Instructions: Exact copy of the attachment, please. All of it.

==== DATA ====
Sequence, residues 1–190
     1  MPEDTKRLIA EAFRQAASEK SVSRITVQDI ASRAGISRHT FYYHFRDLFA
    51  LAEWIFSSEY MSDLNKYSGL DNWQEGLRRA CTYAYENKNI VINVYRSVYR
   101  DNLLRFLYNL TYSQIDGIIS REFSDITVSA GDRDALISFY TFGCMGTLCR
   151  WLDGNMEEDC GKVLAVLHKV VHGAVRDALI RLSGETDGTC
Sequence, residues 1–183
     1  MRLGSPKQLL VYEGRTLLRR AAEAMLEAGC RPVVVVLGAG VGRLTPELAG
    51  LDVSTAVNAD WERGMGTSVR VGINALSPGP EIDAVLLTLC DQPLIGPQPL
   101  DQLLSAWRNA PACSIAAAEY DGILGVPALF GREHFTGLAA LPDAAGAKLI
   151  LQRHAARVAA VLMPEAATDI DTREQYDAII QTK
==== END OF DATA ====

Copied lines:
Sequence, residues 1–190
     1  MPEDTKRLIA EAFRQAASEK SVSRITVQDI ASRAGISRHT FYYHFRDLFA
    51  LAEWIFSSEY MSDLNKYSGL DNWQEGLRRA CTYAYENKNI VINVYRSVYR
   101  DNLLRFLYNL TYSQIDGIIS REFSDITVSA GDRDALISFY TFGCMGTLCR
   151  WLDGNMEEDC GKVLAVLHKV VHGAVRDALI RLSGETDGTC
Sequence, residues 1–183
     1  MRLGSPKQLL VYEGRTLLRR AAEAMLEAGC RPVVVVLGAG VGRLTPELAG
    51  LDVSTAVNAD WERGMGTSVR VGINALSPGP EIDAVLLTLC DQPLIGPQPL
   101  DQLLSAWRNA PACSIAAAEY DGILGVPALF GREHFTGLAA LPDAAGAKLI
   151  LQRHAARVAA VLMPEAATDI DTREQYDAII QTK